If you bought stock in Snapchat's parent company after it began trading last Thursday, your profits just...disappeared.
Shares in Snap Inc. fell by 12% today, closing at $23.77 — below the $24 it first traded at when it debuted on the New York Stock Exchange. Anybody who bought since then is now looking at a loss, although the big institutional investors who were allocated shares by Snap's bankers when they priced the company's initial public offering at $17 a share are still sitting on big profits.
Snap Inc. has received a skeptical welcome from some on Wall Street: Five out of the seven analysts who released recommendations on the stock have advised investors to sell their shares, according to data collected by Bloomberg.
But that ratio will likely change as the big investment banks that underwrote the Snap IPO — including Goldman Sachs, JPMorgan Chase, and Morgan Stanley — begin releasing their own reports on the company. (They're legally barred from doing so until 10 days after the stock goes public.)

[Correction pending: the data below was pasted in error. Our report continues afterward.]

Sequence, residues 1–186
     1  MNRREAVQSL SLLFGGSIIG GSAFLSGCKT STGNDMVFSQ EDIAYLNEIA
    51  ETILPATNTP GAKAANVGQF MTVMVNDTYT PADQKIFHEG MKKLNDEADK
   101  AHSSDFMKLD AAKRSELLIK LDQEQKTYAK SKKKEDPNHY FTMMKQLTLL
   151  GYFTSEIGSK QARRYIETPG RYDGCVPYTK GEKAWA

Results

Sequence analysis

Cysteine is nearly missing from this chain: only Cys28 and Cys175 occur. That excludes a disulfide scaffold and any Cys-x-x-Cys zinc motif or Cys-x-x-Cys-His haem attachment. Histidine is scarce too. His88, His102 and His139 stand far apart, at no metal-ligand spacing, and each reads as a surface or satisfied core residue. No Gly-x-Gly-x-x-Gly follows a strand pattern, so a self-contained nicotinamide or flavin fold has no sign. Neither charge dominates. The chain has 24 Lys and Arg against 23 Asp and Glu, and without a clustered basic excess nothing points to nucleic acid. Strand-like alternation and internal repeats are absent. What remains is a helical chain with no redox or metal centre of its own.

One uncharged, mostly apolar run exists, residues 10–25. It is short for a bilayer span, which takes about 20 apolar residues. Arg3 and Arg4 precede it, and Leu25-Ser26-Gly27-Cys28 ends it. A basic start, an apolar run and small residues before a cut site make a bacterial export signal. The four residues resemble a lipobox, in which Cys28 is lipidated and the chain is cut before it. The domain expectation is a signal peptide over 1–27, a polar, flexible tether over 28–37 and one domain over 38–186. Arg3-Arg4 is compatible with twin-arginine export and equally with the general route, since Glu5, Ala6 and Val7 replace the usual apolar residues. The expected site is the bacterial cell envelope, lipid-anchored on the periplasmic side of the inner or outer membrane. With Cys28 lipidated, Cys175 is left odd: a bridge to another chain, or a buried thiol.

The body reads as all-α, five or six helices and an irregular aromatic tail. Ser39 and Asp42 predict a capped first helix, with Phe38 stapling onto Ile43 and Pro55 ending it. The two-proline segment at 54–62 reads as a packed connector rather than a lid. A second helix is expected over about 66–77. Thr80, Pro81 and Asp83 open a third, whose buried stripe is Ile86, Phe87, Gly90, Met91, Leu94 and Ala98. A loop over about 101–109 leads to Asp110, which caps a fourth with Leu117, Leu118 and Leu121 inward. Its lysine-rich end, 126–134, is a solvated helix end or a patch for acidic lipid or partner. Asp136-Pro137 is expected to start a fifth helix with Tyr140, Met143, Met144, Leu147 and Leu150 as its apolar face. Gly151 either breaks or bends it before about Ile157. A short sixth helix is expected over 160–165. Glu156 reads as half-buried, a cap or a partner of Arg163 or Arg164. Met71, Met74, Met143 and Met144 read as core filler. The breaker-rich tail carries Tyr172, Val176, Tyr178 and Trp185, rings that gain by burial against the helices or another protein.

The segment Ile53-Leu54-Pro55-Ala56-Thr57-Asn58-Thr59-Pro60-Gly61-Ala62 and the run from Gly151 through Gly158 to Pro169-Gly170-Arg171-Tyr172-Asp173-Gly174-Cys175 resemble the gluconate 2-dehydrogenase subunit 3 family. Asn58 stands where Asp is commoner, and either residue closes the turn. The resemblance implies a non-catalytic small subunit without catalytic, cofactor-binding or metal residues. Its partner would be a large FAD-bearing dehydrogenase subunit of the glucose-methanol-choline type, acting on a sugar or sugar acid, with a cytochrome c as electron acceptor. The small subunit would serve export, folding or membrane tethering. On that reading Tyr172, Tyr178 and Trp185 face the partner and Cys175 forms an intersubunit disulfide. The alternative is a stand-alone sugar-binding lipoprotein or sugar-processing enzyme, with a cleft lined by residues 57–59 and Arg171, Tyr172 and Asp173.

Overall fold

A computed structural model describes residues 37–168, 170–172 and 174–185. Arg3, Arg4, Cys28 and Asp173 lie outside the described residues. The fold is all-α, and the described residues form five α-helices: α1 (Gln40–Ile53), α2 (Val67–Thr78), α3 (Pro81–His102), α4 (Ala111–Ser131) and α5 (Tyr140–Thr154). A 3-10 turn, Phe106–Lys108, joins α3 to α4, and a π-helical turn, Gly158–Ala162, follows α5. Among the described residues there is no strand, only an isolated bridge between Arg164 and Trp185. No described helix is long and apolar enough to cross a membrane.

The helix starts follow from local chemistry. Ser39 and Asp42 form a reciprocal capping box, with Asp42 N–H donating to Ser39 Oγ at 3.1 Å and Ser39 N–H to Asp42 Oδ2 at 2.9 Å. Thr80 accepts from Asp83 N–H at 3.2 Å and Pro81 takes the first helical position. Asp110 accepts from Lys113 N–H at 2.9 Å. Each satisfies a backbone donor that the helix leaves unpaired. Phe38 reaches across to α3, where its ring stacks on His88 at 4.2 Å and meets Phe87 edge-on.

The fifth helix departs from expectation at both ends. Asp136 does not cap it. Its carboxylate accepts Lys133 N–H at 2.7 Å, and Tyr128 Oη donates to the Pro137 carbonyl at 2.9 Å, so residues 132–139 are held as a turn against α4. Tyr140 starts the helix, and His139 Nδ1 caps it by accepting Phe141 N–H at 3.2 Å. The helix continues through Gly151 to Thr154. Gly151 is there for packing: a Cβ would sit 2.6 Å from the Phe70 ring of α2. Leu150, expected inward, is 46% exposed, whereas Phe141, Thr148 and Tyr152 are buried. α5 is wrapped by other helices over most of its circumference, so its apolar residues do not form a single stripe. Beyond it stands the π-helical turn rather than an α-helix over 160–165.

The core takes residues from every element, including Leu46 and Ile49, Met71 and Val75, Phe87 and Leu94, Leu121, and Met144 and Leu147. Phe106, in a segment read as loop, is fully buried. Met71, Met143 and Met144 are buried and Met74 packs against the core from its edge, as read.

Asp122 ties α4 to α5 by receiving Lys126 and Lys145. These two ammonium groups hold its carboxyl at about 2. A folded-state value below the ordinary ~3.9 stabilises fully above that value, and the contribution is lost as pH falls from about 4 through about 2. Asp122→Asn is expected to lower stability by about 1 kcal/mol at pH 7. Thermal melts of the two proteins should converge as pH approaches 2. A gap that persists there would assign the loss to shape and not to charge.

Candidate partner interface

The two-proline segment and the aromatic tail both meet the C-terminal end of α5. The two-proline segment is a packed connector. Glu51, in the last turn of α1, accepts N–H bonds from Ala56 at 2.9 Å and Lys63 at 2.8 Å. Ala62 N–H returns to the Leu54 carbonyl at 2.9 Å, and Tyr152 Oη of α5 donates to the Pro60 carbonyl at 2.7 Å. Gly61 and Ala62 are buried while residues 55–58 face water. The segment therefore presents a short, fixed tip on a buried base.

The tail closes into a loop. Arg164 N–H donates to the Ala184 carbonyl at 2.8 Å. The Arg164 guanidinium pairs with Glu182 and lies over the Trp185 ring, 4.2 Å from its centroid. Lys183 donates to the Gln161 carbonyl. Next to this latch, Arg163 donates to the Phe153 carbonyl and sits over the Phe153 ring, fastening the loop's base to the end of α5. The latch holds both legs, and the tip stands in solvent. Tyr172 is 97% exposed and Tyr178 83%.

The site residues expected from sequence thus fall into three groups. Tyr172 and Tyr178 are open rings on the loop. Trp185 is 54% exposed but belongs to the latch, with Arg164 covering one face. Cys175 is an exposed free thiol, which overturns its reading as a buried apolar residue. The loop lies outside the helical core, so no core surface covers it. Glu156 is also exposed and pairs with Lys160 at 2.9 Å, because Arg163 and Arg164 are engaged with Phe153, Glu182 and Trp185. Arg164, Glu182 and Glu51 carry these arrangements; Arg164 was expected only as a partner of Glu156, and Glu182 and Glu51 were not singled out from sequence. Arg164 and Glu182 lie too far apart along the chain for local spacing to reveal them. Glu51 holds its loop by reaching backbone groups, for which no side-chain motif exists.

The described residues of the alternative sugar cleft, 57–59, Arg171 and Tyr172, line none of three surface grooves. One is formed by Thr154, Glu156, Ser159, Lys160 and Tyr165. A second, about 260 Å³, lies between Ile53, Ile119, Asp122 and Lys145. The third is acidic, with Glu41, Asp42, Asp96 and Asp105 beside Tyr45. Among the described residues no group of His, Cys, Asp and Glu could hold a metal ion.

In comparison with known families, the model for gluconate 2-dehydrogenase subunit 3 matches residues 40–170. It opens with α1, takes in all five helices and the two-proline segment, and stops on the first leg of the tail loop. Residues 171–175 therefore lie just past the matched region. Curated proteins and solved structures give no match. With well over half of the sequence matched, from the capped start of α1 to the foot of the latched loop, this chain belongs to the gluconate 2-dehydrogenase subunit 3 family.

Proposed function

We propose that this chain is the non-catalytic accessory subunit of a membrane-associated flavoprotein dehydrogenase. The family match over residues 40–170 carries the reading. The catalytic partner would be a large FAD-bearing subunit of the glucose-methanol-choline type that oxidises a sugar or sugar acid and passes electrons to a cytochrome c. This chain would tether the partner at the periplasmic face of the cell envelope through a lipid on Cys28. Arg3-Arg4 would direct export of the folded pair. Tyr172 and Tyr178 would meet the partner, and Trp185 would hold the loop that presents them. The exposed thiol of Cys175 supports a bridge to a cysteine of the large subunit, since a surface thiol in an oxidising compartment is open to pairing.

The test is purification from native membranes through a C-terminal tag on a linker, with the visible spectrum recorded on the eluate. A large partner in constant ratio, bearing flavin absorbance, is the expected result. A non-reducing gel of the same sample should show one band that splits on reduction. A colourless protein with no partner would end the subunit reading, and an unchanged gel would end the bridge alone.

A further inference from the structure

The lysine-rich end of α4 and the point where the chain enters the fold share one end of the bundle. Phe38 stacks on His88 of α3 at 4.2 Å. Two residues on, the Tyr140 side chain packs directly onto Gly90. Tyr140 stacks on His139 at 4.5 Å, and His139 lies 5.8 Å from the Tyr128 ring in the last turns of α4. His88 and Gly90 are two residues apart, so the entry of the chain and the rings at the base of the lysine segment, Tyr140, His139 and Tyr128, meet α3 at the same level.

Snap Inc.'s disappearing stock price.
Anthony DiClemente, an analyst at Nomura, explained why he is cautious on the company in a research note last week.
"We believe that upside in shares is limited by 1) already slowing growth in daily active users (DAUs); 2) slowing monetization [average revenue per user] growth; 3) fierce competition from larger rivals such as Facebook, Instagram, and WhatsApp; and 4) rich valuation relative to current and future growth."
DiClemente has set a $16 target price for Snap shares.
But even if the stock falls to below its IPO price, Snap is set up to weather the storm without changing course in its strategy — the shares it sold to the public have no voting rights, meaning no influence over how it is run. Snap's co-founders Evan Spiegel and Bobby Murphy together control nearly all the voting shares in the company.